A new patient consulted with Jamie. The patient agreed to a clinical assessment and Jamie provided the patient with an explanation of their examination findings and developed a treatment plan in partnership with the patient.

The patient then asked Jamie to refer them for an x-ray of their lumbar spine to find out what is actually causing their low back pain. Jamie knows that referring patients who have low back pain with no red flags for radiography is not best practice. However, the patient continued to insist on having an x-ray.

Applying in practice

Jamie recalled that the Chiropractic Board has a fact sheet for radiography, which prompts chiropractors to consider five questions before using radiography in clinical practice. Jamie knows that in accordance with the Code of conduct, it is their responsibility to minimise risk to patients (Principle 7) and that working within the healthcare system requires effective and efficient use of healthcare resources (Principles 6).

Jamie explained to the patient that x-rays for low back pain are not recommended as they provide little diagnostic benefit. Jamie took time to discuss their clinical reasoning so that the patient can make an informed decision based on the best available evidence.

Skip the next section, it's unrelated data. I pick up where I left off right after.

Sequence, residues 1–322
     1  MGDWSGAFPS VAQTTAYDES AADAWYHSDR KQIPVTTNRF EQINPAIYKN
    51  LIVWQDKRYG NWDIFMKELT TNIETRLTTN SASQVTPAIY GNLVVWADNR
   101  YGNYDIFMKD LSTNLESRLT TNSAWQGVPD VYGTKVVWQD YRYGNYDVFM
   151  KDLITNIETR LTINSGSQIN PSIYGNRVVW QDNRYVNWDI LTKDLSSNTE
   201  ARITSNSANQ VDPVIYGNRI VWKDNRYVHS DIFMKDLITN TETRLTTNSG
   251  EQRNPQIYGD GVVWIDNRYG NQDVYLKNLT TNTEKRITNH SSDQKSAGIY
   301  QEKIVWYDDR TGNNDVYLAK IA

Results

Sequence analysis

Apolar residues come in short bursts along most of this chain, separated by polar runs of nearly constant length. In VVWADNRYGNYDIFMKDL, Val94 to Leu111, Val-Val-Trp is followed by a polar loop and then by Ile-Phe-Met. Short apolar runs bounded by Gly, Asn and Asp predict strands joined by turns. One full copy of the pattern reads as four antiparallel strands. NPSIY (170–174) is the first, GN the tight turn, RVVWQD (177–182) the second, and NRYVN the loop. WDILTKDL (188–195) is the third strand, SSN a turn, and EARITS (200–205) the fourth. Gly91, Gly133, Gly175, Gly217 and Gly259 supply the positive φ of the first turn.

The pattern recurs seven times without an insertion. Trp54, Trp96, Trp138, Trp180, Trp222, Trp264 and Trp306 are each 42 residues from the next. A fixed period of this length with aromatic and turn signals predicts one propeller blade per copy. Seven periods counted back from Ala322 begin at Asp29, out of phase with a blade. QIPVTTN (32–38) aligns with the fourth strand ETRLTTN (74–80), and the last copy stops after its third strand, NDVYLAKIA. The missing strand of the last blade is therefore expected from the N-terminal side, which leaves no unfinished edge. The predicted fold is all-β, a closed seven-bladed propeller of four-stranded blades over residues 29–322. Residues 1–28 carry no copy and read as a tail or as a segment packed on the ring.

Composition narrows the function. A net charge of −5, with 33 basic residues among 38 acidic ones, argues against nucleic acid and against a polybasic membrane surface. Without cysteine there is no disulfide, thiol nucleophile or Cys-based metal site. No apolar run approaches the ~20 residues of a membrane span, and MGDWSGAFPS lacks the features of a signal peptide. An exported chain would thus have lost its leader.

Jamie told the patient that they are committed to working in partnership with them to achieve the best possible outcome, which included supporting their right to seek a second opinion.

Outcome

Although the patient had a strong initial view on being referred for x-ray imaging, the detailed information provided by Jamie supported the patient to understand the benefits and harms involved with the procedure.

The patient felt reassured that Jamie had offered to refer them to another allied health practitioner in the practice for a second opinion if they wanted.

The patient and Jamie agreed to a brief trial of treatment and then to reassess the need for an x-ray depending on the clinical outcome.

 

  1. As in force in each state and territory
     
     
     
    Page reviewed 22/07/2022